10. On the kohlrabi front, I repeated that salad from last week with fennel and blueberries and liked it much, much better with the kohlrabi cut into julienne instead of thin slices and a bit of lettuce added to the mix. This week: From top left: Tatsoi Easter radishes - they're baaaaaak! Fennel Sweet onion Butter lettuce Zucchini BIG parsnips Bok choy Purple carrots - only superficially purple - they are orange under the skin In the middle: tangerines and red potatoes The bok choy is really piling up and will have to be dealt with. I see some poached egg on bok choy breakfasts in my future! I am debating on the parsnips. I saw a recipe for a roasted parsnip and garlic dip that I might try. It roasts the parsnips and a head of garlic in double cream and then purées that with butter. How could that be bad? Seems a bit winter-y but we've got a June gloom thing going on at the moment so I may give it a go.
  11. I remember my dad telling me that his mother always applied copious amounts of butter to PB sandwiches. Why? Because peanut butter is sticky and the butter helps it slide down . Otherwise, it might get stuck in your throat and you would choke to death :biggrin:
  12. First, thank you, thank you, Pierogi and SylviaLovegren for the artichoke pep talks! I gathered up all unused artichokes and made the artichoke, pepper and chickpea tagine with olives and preserved lemons from Deborah Madison's Vegetarian Cooking for Everyone. Very yummy. Served it on couscous and drizzled chermoula (Moroccan green sauce) over the top. I have plenty more for lunches during the week. I'll absolutely make that again. Second, while rooting around in the bottom of the vegetable bin seeking stray artichokes, I found I had both kohlrabi and fennel so I went and got some blueberries and gave that salad recipe a try. Meh. It was OK, but nothing special. Everything was pale and thinly sliced so it seemed kind of boring. I didn't have any mint and perhaps that would have made a big difference over the parsley I subbed. One winner, one loser. That's OK.
  13. Two kohlrabi opinions... Me: I like it - tastes like broccoli stems! Fellow CSA member: It's awful - tastes like broccoli stems! Kim, I think the kohlrabi I get are smaller than yours but I julienne it and add it to salads or use it in a slaw. I think if I had your box this week, I'd give this salad from Food and Wine a go: Kohlrabi, Fennel and Blueberry Salad. Of course,if I had Kim's box, the blueberries would be long gone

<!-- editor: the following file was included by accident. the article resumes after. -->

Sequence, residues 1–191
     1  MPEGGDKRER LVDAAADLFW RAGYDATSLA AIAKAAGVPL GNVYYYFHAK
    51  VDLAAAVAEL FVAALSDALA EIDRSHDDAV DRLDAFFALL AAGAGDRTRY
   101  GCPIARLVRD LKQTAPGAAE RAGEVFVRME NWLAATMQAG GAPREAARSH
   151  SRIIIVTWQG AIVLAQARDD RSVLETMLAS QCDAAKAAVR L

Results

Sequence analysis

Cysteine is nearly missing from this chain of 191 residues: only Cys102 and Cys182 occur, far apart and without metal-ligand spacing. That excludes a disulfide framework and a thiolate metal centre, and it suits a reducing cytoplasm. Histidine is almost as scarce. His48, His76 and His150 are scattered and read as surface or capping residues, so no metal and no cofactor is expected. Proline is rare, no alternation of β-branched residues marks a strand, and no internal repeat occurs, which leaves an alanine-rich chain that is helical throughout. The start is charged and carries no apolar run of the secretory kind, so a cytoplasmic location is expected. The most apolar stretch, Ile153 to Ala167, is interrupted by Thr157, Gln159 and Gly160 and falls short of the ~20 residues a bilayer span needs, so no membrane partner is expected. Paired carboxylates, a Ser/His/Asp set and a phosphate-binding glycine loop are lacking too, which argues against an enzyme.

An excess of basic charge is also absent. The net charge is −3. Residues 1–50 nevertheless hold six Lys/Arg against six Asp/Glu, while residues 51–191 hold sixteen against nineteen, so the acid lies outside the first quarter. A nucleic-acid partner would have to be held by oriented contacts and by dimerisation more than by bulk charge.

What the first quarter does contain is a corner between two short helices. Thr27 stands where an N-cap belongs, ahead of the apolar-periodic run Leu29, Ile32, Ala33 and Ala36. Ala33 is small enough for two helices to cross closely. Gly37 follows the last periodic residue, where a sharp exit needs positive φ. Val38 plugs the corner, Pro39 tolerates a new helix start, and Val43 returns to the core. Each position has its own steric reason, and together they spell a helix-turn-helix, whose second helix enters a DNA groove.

14. Kim - the zucchini may be inescapable but you are clearly very capable of dealing with them - I saw your fritters (and the rest of that yummy Memorial Day spread) - mmmmm. Here's this week's box: Clockwise from top left: Japanese turnips - again, 4 weeks in a row now, I think, but at least no radishes. Bok choy Artichokes - they intimidate me Yukon gold potatoes - sort of unusual. Potatoes came only once or twice last year. Golden beets - will roast and marinate for lunch salads Red leaf lettuce Strawberries - sublime. They're a year round crop here but are at their peak now Leeks - maybe a turnip and leek soup? Just doesn't seem like soup weather. Maybe June gloom will set in... Carrots - proper orange, carrot-shaped ones! Swiss Chard - see below and in the center, Valencia oranges - I have 2 orange trees so this is rather unnecessary but I won't complain. I get the "small box." This week, the large box peeps got larger amounts of the above items plus kohlrabi, sweet onions, summer squash and avocados. I live alone so plowing through even the small box in a week is a challenge. I give myself a pep talk about the artichokes most mornings: TODAY, I will tackle these thorny things! Then I get home from work, tired and hungry and something like this turns into dinner: Swiss chard bruscetta with smoked trout and a glass of wine. Too easy! Maybe there is hope for the artichokes on the weekend
  15. Always: toasted whole wheat or English muffin, creamy peanut butter, wipe PB residue off knife on edge of PB jar and re-use Usually: sliced banana, no jam Sometimes: fig jam Today: red bell pepper and ancho chili jam Not bad but I'll pick up bananas for tomorrow.